Tuesday, July 24, 2012

Storify: Who are the real GoodReads bullies?

At first, I didn't think I had anything to say about the StopGRBullies website, because there's already a lot being said, and I barely use my GoodReads account, nor do I know any of the people involved. 

However, as a librarian, I am interested in how this story has been documented. 

Thursday, July 19, 2012

Review: Throne of Glass by Sarah J. Maas

The Assassin of Adarlan.  The Queen of the Underworld.  A woman who killed her overseer and 23 sentries when she attempted to escape from the salt mines of Endovier.

And she's worried about how she looks?

Tuesday, July 17, 2012

Rape Culture in YA Fiction: Survivors can be Heroes too

Last week, on the Stacked blog, Kimberly posted an interesting discussion about rape in the Chemical Garden trilogy.  The commenters help refine her argument, so I encourage you to read the comments as well as the post.  I am always interested in what other people have to say about rape in young adult literature, because I'm often not sure what I think about it.

Saturday, July 14, 2012

Review: The Chaos by Nalo Hopkinson

What if you worst insecurities were revealed--not just with words but with physical manifestations, like a rash on your skin or an angry monster that followed you around?  That's the nightmare scenario that plays out in Nalo Hopkinson's The Chaos, the freakiest YA novel I've read since Libba Bray's Printz-winning Going Bovine.

Thursday, July 12, 2012

Booklists: What Would Suzy Bishop Read?

That headline (<<) made me smile, because although there are many meaningless phrases we use to describe categories of books (middle grade, young adult, what do they mean?), "fantastical picture-book preteen romance" is not one of them.

Nevermind, though: Moonrise Kingdom is a consciously literary movie.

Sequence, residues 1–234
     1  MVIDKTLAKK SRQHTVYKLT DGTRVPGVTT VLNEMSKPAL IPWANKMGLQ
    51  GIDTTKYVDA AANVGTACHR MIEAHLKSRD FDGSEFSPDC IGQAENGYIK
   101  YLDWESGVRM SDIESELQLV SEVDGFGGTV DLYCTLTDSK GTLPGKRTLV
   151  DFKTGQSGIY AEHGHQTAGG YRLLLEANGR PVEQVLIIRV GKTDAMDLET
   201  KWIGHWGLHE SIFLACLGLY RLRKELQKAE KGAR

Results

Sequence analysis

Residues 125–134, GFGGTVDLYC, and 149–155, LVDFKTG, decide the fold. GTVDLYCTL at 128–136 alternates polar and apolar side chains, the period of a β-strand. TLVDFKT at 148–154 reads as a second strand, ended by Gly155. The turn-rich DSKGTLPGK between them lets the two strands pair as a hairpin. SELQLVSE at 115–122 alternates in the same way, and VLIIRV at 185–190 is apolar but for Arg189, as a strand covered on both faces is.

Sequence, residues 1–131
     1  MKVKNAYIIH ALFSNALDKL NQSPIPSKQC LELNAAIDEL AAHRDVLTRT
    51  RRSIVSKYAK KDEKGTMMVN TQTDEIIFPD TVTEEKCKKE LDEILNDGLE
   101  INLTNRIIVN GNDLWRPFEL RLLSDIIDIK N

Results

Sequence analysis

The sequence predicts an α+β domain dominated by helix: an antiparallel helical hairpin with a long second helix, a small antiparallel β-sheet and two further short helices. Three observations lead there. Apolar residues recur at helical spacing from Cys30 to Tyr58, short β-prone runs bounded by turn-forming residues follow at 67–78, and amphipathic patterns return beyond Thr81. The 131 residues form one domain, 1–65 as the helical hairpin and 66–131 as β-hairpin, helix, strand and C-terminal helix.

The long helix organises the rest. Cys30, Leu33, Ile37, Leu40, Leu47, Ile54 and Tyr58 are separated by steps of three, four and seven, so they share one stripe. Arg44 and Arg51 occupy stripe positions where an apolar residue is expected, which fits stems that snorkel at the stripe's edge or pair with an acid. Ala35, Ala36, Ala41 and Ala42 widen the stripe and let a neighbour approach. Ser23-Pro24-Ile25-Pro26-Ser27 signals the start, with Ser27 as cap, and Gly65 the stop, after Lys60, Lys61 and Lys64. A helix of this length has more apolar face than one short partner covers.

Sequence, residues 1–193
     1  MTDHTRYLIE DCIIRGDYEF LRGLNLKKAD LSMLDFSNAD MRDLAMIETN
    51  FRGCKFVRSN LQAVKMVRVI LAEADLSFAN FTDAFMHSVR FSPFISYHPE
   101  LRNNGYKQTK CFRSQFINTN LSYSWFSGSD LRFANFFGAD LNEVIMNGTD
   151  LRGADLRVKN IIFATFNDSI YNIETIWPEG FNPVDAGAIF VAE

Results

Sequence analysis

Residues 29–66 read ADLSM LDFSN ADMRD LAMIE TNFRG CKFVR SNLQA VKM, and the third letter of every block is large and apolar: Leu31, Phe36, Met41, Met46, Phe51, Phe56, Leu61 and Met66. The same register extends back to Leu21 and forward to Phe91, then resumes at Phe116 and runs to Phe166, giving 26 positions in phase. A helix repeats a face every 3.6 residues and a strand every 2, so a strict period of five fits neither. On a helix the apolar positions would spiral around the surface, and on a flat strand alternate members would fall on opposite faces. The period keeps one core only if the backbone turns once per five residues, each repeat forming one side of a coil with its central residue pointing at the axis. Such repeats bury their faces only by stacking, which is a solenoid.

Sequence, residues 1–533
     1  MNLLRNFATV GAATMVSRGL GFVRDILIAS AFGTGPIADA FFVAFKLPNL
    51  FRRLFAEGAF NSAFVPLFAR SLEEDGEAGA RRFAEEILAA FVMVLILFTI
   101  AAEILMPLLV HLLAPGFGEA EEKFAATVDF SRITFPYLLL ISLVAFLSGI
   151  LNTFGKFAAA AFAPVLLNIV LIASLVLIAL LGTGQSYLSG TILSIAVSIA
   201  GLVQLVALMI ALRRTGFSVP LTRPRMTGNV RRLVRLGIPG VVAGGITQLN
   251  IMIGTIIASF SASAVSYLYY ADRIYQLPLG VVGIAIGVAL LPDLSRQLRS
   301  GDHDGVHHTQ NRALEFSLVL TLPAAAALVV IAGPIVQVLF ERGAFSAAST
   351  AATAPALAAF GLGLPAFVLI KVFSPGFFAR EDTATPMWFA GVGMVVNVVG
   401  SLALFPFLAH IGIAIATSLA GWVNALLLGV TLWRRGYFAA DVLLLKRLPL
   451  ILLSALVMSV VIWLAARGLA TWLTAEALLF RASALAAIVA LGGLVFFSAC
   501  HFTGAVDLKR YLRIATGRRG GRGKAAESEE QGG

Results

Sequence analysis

Monday, July 9, 2012

Review: Assassin's Curse by Cassandra Rose Clarke

"I ain't never been one to trust beautiful people, and Tarrin of the Hariri was the most beautiful man I ever saw."
I had a good feeling about Annana, the pirate heroine of this novel, when I read that first line.  Sure enough, she was a loveable rascal of a narrator who made the pages fly by.  But when I got to the end of The Assasin's Curse, I didn't feel like I knew Annana or the other characters any better than I did on page one. 

Thursday, July 5, 2012

Booklist: Beyond Eurofantasy

Until recently, when I thought about diversity in speculative fiction, I thought about people.  Characters, authors, and readers. 

Then I discovered Martha Wells' list of fantasy books by women with settings that aren't vaguely medieval Europe-y (via Book Smugglers).  Or as she calls it "Fantasy by Women who Broke Away from Europe." And that has me thinking about place. 

Certainly, thanks partly to Tolkein and partly to Dungeons and Dragons, the majority of fantasy novels take place in quasi-Nordic, Celtic, or Medieval European settings.  The fact that science fiction and fantasy books are largely populated by white people is obviously related.  However, focusing on setting rather than character opens up new critical approaches.